• P.K. Endress, Symmetry in flowers: diversity and evolution, Int. J. Plant Sci. 160: S3-S23, 1999;
  • Neal et al., Floral symmetry and its role in plant-pollinator systems: terminology, distribution, and hypotheses, Annu. Rev. Ecol. Syst. 29:345–373, 1998.

Floral phyllotaxis

The term phyllotaxis (or phyllotaxy) refers to the spatial arrangement of leaves on the stem of a plant (see the above drawing). By looking the plant top down along the stem axis, spiral arrangements of the leaves are often observed. Spirals do also appear in the seedheads of flowers such as sunflowers (Helianthus annuus) and daisies (see the above picture). By counting the number of spirals in seedheads, integer numbers (called parastichy numbers) that belong to the Fibonacci sequence 1, 2, 3, 5, 8, 13, 21, 34, 55, 89, 144, ... were discovered in the past. Fibonacci (aka Leonardo di Pisa, 1170-1250) discovered the sequence while studying the growth of rabbits' populations and published it in his book Liber Abbaci (1202). Besides botanists, both mathematicians and physicists are also involved in the study of phyllotaxis thus contributing to the development of a mathematical theory of phyllotaxis (see Jeans' book Phyllotaxis: A Systemic Study in Plant Morphogenesis).

A recent citizen science experiment where data from 657 sunflowers were collected and analyzed, seedheads with the parastichy numbers 21, 34, 55, and 89 were the most common. Normally such parastichy numbers do appear in pairs, for example the pair (89,55) indicates a sunflower's seedhead with 89 clockwise spirals and 55 anticlockwise spirals. Interestingly, sunflowers with the non-Fibonacci structures were also observed whereby the number of spirals that are present on their seedheads belong to the Lucas sequence (1, 3, 4, 7, 11, 18, 29, ...), the double Fibonacci sequence (2, 4, 6, 10, 16, 26, ...), and the F4 sequence (1, 4, 5, 9, 14, 23, ...). Another interesting result of this experimental study is that some regions of the seedheads are disordered, meaning that spiral patterns are not present. This might indicate that a phase transition from a disordered to an ordered structure or vice versa could take place during flower morphogenesis.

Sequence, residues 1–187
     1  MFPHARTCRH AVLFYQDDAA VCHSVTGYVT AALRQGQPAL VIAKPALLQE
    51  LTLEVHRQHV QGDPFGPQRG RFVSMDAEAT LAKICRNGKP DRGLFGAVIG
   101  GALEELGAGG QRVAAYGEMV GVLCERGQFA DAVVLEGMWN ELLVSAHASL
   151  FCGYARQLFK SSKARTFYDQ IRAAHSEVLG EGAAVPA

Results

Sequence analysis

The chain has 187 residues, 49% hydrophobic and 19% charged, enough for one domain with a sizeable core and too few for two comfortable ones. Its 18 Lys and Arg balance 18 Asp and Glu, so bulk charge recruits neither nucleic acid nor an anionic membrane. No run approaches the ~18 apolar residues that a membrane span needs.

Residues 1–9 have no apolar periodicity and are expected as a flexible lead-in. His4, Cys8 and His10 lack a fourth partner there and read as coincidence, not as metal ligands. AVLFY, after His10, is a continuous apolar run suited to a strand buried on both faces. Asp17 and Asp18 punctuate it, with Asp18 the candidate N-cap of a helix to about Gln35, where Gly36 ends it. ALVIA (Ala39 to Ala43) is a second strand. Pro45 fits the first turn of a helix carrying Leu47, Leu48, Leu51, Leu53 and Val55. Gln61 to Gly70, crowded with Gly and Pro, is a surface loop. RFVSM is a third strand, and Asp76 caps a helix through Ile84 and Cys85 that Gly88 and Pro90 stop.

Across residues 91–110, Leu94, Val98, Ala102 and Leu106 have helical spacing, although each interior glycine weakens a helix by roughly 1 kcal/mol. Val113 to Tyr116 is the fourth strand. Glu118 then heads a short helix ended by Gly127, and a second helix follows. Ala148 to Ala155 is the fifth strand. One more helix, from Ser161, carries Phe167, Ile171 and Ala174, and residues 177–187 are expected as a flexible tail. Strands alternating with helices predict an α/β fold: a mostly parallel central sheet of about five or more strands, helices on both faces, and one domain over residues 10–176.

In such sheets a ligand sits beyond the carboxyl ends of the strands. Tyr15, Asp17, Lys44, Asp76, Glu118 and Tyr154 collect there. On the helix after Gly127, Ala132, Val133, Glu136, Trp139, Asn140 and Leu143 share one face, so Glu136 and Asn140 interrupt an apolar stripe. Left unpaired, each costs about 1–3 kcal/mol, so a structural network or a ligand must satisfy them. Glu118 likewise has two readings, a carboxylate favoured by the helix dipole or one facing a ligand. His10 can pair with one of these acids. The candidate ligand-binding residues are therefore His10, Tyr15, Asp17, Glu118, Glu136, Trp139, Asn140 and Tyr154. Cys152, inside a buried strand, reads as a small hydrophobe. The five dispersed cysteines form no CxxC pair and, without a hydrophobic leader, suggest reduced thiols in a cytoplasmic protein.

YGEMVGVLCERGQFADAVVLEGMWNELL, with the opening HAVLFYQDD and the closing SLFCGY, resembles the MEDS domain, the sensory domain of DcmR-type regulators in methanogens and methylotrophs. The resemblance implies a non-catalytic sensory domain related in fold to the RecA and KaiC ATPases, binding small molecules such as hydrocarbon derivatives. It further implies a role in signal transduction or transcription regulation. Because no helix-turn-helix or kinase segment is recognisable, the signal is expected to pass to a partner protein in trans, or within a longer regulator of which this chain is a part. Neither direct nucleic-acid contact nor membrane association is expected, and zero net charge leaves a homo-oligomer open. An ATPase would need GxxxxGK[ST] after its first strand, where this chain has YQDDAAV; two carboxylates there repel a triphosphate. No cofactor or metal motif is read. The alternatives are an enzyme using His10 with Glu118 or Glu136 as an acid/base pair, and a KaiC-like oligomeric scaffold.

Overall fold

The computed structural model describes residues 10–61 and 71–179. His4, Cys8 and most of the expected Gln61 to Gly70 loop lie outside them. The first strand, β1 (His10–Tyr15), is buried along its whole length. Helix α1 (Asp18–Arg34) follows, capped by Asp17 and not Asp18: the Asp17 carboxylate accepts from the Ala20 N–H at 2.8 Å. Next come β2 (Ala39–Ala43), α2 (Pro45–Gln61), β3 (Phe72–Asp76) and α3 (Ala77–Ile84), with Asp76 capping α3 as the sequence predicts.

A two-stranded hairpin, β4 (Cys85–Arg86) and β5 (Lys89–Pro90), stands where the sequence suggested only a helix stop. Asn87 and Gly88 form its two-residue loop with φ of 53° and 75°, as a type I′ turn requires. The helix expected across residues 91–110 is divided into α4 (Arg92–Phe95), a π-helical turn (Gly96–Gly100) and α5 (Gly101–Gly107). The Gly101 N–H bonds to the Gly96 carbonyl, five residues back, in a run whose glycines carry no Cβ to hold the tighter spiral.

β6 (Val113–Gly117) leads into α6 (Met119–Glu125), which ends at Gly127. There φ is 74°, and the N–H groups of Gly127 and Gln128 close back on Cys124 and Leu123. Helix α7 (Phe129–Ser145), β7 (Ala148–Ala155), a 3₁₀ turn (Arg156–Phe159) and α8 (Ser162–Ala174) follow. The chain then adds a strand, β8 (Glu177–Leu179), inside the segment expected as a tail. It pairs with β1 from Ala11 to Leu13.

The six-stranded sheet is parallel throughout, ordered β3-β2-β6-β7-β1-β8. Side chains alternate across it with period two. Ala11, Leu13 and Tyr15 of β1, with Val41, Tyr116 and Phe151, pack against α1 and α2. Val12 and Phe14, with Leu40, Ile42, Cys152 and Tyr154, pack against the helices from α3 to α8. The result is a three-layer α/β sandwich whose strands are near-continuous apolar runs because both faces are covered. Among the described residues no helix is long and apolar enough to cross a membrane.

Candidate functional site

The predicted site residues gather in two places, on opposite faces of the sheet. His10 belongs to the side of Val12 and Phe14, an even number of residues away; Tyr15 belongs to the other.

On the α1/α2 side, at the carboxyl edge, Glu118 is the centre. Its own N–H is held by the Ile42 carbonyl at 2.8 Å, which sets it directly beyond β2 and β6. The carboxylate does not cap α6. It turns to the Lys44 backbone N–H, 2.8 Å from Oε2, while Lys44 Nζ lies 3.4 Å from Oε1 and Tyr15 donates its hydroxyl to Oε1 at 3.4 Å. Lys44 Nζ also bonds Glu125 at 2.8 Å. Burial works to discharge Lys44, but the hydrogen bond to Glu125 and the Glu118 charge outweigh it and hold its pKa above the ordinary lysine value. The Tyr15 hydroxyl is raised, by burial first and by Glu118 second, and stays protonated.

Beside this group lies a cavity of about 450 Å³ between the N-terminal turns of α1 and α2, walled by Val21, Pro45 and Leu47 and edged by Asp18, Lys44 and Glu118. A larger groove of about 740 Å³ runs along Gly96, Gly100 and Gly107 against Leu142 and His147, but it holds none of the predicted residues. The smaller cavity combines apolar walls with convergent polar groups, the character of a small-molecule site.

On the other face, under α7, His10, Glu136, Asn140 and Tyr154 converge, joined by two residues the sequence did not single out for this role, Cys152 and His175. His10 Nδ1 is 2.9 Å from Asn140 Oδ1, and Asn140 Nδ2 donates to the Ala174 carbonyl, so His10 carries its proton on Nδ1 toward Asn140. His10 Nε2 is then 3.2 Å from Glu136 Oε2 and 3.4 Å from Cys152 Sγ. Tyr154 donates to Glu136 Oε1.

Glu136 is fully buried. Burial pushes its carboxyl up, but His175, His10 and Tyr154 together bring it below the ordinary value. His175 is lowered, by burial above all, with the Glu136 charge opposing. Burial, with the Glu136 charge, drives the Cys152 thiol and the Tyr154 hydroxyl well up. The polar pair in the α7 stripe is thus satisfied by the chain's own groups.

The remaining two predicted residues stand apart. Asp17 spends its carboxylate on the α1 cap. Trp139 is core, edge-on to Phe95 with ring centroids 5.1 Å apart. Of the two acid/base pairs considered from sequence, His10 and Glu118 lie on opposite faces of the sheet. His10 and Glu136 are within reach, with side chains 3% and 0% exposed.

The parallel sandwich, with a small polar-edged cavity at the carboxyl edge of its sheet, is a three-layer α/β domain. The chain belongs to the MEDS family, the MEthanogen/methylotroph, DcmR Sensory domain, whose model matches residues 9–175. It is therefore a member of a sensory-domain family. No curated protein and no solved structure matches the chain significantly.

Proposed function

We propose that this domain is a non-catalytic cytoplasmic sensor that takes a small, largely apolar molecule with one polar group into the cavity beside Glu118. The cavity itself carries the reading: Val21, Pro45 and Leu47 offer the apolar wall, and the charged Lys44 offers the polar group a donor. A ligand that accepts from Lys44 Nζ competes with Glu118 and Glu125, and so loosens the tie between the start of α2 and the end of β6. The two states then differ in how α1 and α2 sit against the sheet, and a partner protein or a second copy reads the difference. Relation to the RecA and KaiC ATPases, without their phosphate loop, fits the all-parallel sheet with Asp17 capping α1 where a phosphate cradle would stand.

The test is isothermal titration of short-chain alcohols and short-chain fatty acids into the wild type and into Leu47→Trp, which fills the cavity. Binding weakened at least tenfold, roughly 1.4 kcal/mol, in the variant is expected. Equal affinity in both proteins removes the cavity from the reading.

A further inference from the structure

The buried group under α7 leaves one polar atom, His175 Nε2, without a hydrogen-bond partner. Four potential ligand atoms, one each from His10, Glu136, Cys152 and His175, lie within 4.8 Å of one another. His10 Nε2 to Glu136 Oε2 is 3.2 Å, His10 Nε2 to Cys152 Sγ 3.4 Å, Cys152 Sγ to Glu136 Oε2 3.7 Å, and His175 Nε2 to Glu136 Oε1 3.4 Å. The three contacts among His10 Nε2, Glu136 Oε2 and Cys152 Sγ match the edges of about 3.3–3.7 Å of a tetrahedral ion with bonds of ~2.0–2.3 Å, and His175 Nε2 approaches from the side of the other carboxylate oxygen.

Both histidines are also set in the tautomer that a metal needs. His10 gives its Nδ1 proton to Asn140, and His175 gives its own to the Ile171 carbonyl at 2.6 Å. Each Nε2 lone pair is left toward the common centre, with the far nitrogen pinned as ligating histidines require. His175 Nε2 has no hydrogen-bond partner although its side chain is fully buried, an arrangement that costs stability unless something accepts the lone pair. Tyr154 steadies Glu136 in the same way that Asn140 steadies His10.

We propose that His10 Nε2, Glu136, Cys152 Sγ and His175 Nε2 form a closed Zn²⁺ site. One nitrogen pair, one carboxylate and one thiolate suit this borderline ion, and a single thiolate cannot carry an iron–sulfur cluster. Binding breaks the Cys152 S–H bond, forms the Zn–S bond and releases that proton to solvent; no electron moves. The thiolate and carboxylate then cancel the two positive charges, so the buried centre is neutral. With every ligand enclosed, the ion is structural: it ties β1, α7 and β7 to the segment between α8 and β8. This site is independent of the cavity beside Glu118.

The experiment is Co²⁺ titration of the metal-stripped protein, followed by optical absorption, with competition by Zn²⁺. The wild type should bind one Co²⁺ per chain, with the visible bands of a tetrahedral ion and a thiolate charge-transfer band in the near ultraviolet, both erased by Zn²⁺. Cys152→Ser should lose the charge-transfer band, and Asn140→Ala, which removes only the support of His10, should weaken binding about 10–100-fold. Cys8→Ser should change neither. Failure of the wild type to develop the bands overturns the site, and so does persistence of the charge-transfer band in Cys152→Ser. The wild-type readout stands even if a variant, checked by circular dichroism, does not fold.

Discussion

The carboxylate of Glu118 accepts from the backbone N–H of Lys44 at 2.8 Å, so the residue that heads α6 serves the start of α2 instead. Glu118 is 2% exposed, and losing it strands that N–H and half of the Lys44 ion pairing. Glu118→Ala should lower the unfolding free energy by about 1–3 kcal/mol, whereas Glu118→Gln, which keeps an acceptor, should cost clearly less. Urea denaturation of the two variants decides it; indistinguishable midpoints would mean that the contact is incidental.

• C. Kuhlemeier, Phyllotaxis, TRENDS in Plant Sci. 12: 143-150, 2007;
  • M.F. Pennybacker et al., Phyllotaxis: some progress, but a story far from over, Physica D 306: 48-81, 2015;
  • J. Swinton et al., Novel Fibonacci and non-Fibonacci structure in the sunflower: results of a citizen science experiment, R. Soc. open sci. 3:160091; 2016.

The color of flowers

Flowers display a variety of different colors thence the question: what contributes to flowers coloration? There are two main contributions: (1) the pigments inside the cells of the petals which absorb specific groups of wavelengths (bands) and transmit the non-absorbed ones and, (2) the structure and thickness of the petals which scatters the light. A third, minor contribution to flower coloration is (3) iridescence which arises from nanoscale patterns on the surface of petals.